“No!” pouted Miranda.
“See what I mean?” Grandma Mattie laughed. "I could keep Miranda. I could take her down to Seaside Village when Miss Janie got time to see her.” Turning to Lulu, she reminded her, “Lulu you still have to answer. You want to go to Curaçao?”
“You got to ask Mamma.”
“You too shy to talk to your own mother?” asked Mattie, beckoning Lulu to sit down.
“Is better for you to ask her. And we don’t have any money.” All the while Lulu’s thoughts were racing about how life would improve if she got the opportunity to work as a domestic in Curaçao. Myra and Mona would become her friends, and it would be an honor for her to spend time with such privileged well-dressed women.
Still Lulu could not manage to express any excitement or the delightful thoughts whirling around in her head.
"Lulu, did you and Manny talk about any plans for Miranda?" Mona was serious. "What did he have to say?"
"He gone." Lulu got up and grabbed her baby bag. "Why we got to talk about him? She walked through the door.
The Grandmothers' Disagreement
Mattie Spooner walked down to the Davises at Seaside Village to deliver the passport application forms which Myra brought from the city for Lulu. Lulu came outside, snatched them from her, whispered thanks under her breath and hurried back inside the house. Janie watched from the outdoor kitchen.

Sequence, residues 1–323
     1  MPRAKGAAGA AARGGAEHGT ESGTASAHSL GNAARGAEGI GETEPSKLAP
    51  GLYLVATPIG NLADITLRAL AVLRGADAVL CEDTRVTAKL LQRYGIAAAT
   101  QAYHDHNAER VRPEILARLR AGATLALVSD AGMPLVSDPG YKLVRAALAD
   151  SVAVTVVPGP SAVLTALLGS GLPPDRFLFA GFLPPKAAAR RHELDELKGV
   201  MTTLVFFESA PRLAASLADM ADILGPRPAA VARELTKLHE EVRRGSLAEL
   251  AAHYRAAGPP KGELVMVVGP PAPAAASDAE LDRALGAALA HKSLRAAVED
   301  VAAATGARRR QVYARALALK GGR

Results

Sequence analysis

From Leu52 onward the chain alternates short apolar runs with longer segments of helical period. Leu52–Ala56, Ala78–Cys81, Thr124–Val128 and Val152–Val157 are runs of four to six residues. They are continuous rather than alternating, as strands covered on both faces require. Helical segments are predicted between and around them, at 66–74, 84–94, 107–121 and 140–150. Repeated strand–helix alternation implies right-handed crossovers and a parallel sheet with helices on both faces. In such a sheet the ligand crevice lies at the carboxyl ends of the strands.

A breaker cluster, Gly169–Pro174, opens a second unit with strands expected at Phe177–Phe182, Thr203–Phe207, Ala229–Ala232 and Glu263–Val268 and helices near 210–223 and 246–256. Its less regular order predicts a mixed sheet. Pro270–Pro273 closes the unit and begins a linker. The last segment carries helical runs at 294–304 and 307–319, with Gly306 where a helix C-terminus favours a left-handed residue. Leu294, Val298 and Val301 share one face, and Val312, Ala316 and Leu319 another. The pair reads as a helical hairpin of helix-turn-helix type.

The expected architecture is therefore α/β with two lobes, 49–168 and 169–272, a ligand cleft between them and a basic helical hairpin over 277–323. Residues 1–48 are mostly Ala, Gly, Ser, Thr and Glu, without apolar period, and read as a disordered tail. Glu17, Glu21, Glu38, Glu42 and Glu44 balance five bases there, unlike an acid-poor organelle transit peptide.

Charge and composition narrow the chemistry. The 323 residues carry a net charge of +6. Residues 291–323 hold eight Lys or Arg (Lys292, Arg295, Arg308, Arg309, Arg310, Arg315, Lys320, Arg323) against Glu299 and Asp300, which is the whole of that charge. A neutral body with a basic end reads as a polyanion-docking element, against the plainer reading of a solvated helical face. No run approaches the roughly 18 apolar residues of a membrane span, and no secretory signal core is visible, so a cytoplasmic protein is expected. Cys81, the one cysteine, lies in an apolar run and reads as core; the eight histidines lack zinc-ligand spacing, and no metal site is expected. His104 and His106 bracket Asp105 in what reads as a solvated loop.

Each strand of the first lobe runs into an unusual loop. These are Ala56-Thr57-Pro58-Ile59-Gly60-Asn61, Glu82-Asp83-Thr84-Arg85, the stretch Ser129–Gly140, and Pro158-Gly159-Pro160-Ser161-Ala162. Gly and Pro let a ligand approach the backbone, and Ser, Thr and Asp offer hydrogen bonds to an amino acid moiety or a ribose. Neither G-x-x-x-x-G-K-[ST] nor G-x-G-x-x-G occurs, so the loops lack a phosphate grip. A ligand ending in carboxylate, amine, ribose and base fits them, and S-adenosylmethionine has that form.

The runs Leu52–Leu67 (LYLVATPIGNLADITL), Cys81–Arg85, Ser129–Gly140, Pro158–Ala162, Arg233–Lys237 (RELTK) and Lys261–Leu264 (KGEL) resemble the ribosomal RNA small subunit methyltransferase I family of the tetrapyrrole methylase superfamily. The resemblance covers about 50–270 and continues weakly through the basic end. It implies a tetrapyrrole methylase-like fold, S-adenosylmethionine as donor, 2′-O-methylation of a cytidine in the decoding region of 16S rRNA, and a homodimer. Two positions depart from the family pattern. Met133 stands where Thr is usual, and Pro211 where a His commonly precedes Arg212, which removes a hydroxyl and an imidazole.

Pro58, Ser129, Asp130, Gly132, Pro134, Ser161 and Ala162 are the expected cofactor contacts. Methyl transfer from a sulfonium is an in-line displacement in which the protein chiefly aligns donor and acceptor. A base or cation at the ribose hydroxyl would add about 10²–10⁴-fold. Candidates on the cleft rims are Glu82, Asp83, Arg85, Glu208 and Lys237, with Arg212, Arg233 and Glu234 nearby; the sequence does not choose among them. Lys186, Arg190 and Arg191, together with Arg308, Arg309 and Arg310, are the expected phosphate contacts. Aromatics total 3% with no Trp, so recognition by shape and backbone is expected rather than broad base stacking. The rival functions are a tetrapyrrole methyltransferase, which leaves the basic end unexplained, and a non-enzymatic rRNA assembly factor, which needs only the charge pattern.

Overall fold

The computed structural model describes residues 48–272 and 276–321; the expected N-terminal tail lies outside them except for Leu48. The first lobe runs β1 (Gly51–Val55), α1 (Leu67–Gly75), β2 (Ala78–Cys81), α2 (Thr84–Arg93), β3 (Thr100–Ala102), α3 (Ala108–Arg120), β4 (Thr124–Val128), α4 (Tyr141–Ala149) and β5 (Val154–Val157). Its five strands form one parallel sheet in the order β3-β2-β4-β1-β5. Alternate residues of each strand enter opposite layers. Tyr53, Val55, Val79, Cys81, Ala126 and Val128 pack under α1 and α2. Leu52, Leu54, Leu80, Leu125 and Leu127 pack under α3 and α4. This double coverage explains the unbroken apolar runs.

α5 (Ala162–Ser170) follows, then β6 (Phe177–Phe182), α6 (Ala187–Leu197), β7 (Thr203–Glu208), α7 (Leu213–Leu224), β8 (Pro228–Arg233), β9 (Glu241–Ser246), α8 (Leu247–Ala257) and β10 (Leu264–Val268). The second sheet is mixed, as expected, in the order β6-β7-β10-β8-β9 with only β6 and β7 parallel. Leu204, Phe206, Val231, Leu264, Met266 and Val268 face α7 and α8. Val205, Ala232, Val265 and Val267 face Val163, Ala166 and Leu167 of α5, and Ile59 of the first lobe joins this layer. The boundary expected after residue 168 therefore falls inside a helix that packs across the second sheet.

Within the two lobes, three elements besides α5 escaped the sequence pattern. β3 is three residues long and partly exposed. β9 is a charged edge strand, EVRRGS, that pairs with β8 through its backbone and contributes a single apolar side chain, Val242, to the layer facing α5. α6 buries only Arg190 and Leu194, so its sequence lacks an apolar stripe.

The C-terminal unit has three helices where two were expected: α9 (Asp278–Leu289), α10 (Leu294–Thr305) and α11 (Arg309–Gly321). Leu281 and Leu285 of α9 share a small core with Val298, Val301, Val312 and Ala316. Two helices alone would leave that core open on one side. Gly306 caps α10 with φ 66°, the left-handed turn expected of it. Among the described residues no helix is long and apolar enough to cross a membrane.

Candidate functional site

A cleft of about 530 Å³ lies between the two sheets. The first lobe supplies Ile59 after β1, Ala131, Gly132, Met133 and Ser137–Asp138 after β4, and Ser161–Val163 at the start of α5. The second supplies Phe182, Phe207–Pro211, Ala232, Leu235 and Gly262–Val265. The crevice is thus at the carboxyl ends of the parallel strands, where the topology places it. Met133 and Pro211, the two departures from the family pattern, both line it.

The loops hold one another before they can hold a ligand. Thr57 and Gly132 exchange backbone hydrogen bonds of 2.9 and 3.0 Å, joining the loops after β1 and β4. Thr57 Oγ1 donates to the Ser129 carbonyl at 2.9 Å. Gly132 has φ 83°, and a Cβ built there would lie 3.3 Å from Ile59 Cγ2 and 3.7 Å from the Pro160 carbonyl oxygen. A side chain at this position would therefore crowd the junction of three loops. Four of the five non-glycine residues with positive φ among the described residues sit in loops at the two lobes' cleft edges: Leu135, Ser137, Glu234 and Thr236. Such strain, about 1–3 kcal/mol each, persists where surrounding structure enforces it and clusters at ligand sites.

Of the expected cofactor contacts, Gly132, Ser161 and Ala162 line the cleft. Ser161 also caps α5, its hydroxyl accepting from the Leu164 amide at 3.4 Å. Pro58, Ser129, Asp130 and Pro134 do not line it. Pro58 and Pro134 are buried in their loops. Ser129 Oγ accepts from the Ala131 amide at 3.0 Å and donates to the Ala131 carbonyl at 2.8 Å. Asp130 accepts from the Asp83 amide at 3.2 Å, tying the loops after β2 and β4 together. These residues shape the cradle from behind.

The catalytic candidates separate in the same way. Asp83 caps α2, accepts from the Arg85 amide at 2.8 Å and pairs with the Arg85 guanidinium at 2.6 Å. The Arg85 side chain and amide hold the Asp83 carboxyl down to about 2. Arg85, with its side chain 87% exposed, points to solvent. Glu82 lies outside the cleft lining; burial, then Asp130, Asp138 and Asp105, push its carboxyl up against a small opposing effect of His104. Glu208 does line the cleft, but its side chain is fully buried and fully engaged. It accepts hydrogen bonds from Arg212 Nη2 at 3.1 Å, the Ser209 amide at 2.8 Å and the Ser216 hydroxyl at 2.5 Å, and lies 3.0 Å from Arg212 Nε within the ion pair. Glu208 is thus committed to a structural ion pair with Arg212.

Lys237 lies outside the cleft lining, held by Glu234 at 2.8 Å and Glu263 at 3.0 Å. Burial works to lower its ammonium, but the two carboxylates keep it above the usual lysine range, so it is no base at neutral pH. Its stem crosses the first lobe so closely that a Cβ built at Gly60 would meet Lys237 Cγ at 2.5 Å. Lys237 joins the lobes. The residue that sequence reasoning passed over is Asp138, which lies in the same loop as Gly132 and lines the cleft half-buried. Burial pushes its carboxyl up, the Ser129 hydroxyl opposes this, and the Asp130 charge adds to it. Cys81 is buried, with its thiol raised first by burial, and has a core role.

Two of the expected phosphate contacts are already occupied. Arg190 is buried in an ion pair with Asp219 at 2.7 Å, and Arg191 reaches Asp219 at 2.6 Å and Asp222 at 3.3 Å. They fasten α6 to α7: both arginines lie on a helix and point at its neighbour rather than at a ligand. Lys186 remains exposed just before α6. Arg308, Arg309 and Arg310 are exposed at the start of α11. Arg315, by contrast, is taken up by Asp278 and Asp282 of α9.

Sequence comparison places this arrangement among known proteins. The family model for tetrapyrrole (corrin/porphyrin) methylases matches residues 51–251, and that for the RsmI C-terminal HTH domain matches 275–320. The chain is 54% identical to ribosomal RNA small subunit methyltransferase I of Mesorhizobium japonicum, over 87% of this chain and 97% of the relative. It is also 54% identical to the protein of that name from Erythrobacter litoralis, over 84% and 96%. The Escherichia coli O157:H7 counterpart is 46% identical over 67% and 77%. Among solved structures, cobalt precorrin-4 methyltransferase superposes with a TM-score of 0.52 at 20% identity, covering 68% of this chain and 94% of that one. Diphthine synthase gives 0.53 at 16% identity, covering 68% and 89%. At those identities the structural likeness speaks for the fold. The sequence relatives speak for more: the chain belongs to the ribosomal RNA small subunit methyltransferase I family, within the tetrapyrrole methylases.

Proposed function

“Miss Mattie, what’s that you give to Lulu?” Janie shouted. She had to feed the fire with wood and could not leave right away.
Three Stone Fire
Mattie drew near the kitchen entrance so that she did not have to shout. “Did Lulu tell you that we want her to go to Curaçao with Myra and Mona?”
“What?” Janie started laughing in spurts, and humorously managed, “If you hear me really laugh, you will think I rich. Where Lulu going to get the passage money?”
“Miss Janie, me and the girls want to help Lulu make a decent living. We doing it for Manny and for Miranda. I could keep Miranda while you working and you will get to see her whenever you want.”
As the Caribbean comedians often say, “Who tell her to say dat?” Miss Janie rushed to the kitchen door, and stood with her face half an arm's length from Mattie’s.
“You son did enough for my daughter. Now, you want to send her away from me? You want to take away my granddaughter and raise her like she from Tamarind Alley so she could say that she don’t know anybody down here in the village? Miss Mattie, I thought you did want something good for Miranda.”
Miss Mattie caught a similar mood. "And you think that cooking on three stones, and sleeping on a grass bed is something good? People like you . . . You know what? I ain't wasting any words with you. I will talk with Lulu when I see her.”
It was the first time that the grandmothers had shown anger towards one another, but beneath their vexation was their great love for the granddaughter they shared. Lulu was listening from inside the house, and wondering what her fate would be.
“By the way,” she thought, “where is Curaçao, and will it be far enough away from Seaside Village?
© 2018 Dora Weithers